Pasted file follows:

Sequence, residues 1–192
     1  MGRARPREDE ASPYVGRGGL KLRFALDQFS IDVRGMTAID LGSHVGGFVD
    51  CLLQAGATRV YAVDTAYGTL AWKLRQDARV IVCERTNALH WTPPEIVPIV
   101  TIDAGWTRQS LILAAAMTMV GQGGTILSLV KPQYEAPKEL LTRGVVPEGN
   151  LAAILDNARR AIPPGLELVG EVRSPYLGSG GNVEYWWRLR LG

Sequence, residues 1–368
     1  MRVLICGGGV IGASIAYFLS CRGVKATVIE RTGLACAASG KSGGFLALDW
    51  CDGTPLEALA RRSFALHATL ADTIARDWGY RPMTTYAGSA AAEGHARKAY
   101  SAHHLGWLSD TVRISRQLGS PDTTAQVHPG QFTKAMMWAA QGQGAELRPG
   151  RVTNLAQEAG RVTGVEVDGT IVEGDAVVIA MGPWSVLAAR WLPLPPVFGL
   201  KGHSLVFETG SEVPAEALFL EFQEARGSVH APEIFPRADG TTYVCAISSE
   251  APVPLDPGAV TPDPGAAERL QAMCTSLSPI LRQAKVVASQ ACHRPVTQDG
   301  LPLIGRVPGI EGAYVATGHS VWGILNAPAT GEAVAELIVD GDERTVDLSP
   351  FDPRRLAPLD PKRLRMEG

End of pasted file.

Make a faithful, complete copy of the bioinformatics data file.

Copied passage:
Sequence, residues 1–192
     1  MGRARPREDE ASPYVGRGGL KLRFALDQFS IDVRGMTAID LGSHVGGFVD
    51  CLLQAGATRV YAVDTAYGTL AWKLRQDARV IVCERTNALH WTPPEIVPIV
   101  TIDAGWTRQS LILAAAMTMV GQGGTILSLV KPQYEAPKEL LTRGVVPEGN
   151  LAAILDNARR AIPPGLELVG EVRSPYLGSG GNVEYWWRLR LG

Sequence, residues 1–368
     1  MRVLICGGGV IGASIAYFLS CRGVKATVIE RTGLACAASG KSGGFLALDW
    51  CDGTPLEALA RRSFALHATL ADTIARDWGY RPMTTYAGSA AAEGHARKAY
   101  SAHHLGWLSD TVRISRQLGS PDTTAQVHPG QFTKAMMWAA QGQGAELRPG
   151  RVTNLAQEAG RVTGVEVDGT IVEGDAVVIA MGPWSVLAAR WLPLPPVFGL
   201  KGHSLVFETG SEVPAEALFL EFQEARGSVH APEIFPRADG TTYVCAISSE
   251  APVPLDPGAV TPDPGAAERL QAMCTSLSPI LRQAKVVASQ ACHRPVTQDG
   301  LPLIGRVPGI EGAYVATGHS VWGILNAPAT GEAVAELIVD GDERTVDLSP
   351  FDPRRLAPLD PKRLRMEG